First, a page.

What Is a Short Sale and How Does It Work?
If you owe more on your mortgage than your home’s value, or you’re struggling to manage your monthly mortgage payments, you’ll likely want to avoid losing your home. One option: going through the short sale process.
A short sale allows you to sell your home for less than what you owe on the mortgage. It requires lender approval, and your lender may forgive the remaining debt.
What is a short sale on a house?
A short sale is a homebuying transaction in which a home is sold for less than what the seller owes on the mortgage. This would be the case if local home values plummet and the seller’s loan amount is higher than what their home is worth, causing them to be underwater. If the seller is already behind on their mortgage payments, a short sale may be referred to as a preforeclosure sale.
The home sale proceeds are used to pay off as much of the loan balance as possible. In some cases, you may not be required to pay the difference between your outstanding balance and your home’s short sale price. It depends on whether your lender agrees to forgive the remaining debt or if you live in a state that doesn’t allow deficiency judgments, which require you to pay the difference between the home’s sale price and loan balance through wage garnishment or another arrangement.
You must get approval from your mortgage lender to sell your home in a short sale. Additionally, if you’re buying a short sale home, there are several considerations that may not apply to a typical home purchase. This includes accepting the property in as-is condition and paying desired repairs out of your own pocket.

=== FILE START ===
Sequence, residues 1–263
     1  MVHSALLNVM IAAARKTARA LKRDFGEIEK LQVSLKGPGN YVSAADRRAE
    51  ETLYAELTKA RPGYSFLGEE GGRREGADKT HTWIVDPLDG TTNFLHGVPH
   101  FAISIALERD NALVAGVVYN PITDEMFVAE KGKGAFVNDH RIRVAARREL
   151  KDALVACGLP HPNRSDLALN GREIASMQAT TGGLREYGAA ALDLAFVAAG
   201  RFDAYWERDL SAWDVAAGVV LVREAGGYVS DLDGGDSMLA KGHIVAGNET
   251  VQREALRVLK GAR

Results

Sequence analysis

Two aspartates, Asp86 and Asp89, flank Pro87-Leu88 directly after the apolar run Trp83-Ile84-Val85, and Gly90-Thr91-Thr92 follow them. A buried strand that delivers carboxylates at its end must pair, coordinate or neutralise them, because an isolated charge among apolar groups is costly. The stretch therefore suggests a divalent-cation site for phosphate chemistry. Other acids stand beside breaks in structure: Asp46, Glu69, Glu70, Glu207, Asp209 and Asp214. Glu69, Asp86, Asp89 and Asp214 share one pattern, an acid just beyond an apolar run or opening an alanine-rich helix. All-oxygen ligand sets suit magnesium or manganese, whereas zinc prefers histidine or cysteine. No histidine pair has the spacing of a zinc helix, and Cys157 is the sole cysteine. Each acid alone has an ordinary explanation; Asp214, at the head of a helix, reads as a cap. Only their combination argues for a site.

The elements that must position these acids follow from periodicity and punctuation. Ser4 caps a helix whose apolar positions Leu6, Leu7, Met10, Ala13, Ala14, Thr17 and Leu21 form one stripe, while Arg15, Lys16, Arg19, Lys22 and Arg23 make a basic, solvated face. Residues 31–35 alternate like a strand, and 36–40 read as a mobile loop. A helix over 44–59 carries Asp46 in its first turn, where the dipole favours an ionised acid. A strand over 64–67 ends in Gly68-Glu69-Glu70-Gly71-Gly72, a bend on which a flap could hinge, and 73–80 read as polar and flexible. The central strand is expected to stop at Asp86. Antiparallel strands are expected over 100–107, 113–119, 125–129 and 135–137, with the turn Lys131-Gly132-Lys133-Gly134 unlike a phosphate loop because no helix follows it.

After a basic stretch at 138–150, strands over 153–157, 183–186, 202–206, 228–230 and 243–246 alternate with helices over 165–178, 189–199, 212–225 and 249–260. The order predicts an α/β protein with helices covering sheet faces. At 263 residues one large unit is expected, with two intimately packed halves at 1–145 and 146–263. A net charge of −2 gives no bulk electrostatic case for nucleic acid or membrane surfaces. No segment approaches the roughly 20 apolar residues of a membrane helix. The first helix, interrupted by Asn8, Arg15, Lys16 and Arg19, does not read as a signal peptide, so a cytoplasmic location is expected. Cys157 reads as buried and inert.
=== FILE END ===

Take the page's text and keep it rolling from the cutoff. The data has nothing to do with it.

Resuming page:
Short sale example
Let’s say you owe $225,000 on your mortgage. Home prices have dropped and now the maximum amount you can get in a home sale is $175,000. Your home’s sale price is $50,000 short of your outstanding loan balance.
How the short sale process works
Similar to a traditional home sale, you’ll work with a real estate agent on a short sale. The main difference here is that you must also work with your lender throughout the short sale process.
The process of selling a short sale home involves:
1. Reaching out to your mortgage lender or servicer to determine your eligibility for a short sale.
This may involve evaluating whether you’re in danger of falling behind on payments, or determining how many days you’re already behind.
2. Completing a borrower response package or loss mitigation application.
You’ll need to fill out a mortgage assistance application to demonstrate your financial hardship by providing documentation, such as a divorce decree, medical paperwork or proof of a job transfer. You’ll also need to prove that you don’t have the cash reserves to bring your mortgage payments current.
3. Working with your real estate agent to market your home for sale.
Collaborate with your real estate agent to set a sale price for your home. Have your agent list your home on the Multiple Listing Service (MLS) and market it online the same way they would a traditional home sale. MLS rules may require your agent to disclose that the listing is a short sale in order to market it on the MLS.
4. Reviewing purchase offers with your lender.
Once you have buyers who are interested in your home, share the purchase offers with your lender for their review.
5. Agreeing to accept a buyer’s offer and close the deal.